Longer commutes are associated with increased human exposure to tris(1,3-dichloro-2-propyl) phosphate.
Organophosphate esters (OPEs) are a class of semi-volatile organic compounds (SVOCs) used as flame retardants, plasticizers, and anti-foaming agents. Due to stringent flammability standards in vehicles and the ability of OPEs to migrate out of end-use products, elevated concentrations of OPEs have been found in car dust samples around the world. As many residents of Southern California spend a significant amount of time in their vehicles, there is potential for increased exposure to OPEs associated with longer commute times. As approximately 70% of the University of California, Riverside's undergraduate population commutes, the objective of this study was to use silicone wristbands to monitor personal exposure to OPEs and determine if exposure was associated with commute time in a subset of these students. Participants were asked to wear wristbands for five continuous days and complete daily surveys about the amount of time spent commuting. Data were then used to calculate a participant-specific total commute score. Components of Firemaster 550 (triphenyl phosphate, or TPHP, and isopropylated triaryl phosphate isomers) and Firemaster 600 (TPHP and tert-butylated triaryl phosphate isomers) - both widely used commercial flame retardant formulations - were strongly correlated with other OPEs detected within participant wristbands. Moreover, the concentration of tris(1,3-dichloro-2-propyl) phosphate (TDCIPP) was significantly correlated with the concentration of several Firemaster 500 components and tris(2-chloroisopropyl) phosphate (TCIPP). Finally, out of all OPEs measured, TDCIPP was significantly and positively correlated with total commute score, indicating that longer commutes are associated with increased human exposure to TDCIPP. Overall, our findings raise concerns about the potential for chronic TDCIPP exposure within vehicles and other forms of transportation, particularly within densely populated and traffic-congested areas such as Southern California.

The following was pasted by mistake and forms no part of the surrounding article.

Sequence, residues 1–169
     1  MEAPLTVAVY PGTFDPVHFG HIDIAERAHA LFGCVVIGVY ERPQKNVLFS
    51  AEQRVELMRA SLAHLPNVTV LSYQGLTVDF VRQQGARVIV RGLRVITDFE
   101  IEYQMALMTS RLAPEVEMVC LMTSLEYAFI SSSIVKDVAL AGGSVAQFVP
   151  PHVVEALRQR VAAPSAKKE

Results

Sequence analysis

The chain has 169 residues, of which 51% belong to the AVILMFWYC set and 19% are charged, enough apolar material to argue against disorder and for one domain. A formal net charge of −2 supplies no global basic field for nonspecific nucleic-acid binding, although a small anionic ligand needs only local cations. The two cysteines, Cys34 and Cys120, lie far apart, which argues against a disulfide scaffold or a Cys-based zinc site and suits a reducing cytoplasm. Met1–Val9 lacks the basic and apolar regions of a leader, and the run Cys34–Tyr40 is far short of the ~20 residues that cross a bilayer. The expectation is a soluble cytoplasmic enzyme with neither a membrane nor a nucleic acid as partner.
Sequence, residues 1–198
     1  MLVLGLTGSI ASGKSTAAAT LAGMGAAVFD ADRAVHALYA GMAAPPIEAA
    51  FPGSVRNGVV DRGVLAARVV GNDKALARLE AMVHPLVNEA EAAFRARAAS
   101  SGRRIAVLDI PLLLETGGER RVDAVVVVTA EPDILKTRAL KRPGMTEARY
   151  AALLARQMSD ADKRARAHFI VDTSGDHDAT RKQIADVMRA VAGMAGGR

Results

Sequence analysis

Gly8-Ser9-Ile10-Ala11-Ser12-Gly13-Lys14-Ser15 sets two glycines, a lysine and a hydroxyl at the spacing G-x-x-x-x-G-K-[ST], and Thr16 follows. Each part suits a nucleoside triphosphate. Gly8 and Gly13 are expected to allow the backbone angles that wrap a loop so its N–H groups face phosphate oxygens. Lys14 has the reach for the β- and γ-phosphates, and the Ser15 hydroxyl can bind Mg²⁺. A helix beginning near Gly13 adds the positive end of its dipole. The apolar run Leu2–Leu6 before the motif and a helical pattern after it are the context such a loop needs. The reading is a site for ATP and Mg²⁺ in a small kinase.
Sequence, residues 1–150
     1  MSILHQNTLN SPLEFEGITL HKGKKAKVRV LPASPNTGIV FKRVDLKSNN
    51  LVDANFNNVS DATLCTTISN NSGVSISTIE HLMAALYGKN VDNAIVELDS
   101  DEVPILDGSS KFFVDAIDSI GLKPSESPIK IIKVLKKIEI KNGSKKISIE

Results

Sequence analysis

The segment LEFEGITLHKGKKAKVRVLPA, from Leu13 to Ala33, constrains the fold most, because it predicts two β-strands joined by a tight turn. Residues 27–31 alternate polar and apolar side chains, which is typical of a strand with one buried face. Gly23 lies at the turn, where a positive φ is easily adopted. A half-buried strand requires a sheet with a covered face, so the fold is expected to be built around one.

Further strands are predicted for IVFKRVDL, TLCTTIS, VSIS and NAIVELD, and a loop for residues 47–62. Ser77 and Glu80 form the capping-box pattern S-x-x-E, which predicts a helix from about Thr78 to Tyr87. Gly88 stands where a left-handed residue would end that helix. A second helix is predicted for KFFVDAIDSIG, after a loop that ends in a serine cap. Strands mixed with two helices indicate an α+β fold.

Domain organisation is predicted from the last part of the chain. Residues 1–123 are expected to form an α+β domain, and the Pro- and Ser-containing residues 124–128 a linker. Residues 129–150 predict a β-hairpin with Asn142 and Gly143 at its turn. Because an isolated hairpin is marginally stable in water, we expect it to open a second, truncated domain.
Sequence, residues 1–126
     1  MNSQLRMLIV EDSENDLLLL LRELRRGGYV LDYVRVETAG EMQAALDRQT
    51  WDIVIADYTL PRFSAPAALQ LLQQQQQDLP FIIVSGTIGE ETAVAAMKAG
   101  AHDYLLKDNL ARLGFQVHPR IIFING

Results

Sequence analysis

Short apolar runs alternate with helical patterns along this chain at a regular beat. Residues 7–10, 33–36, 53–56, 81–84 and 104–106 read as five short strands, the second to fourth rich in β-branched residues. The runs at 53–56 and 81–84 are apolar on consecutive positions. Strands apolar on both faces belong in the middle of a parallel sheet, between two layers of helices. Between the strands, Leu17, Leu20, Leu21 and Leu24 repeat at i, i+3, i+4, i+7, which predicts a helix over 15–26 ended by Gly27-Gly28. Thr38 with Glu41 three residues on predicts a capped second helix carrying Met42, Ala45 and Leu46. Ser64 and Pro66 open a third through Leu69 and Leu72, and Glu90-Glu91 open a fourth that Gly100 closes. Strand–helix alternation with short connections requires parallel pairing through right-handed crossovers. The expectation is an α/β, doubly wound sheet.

Reddam, A; Tait, G; Herkert, N; Hammel, SC; Stapleton, HM; Volz, DC
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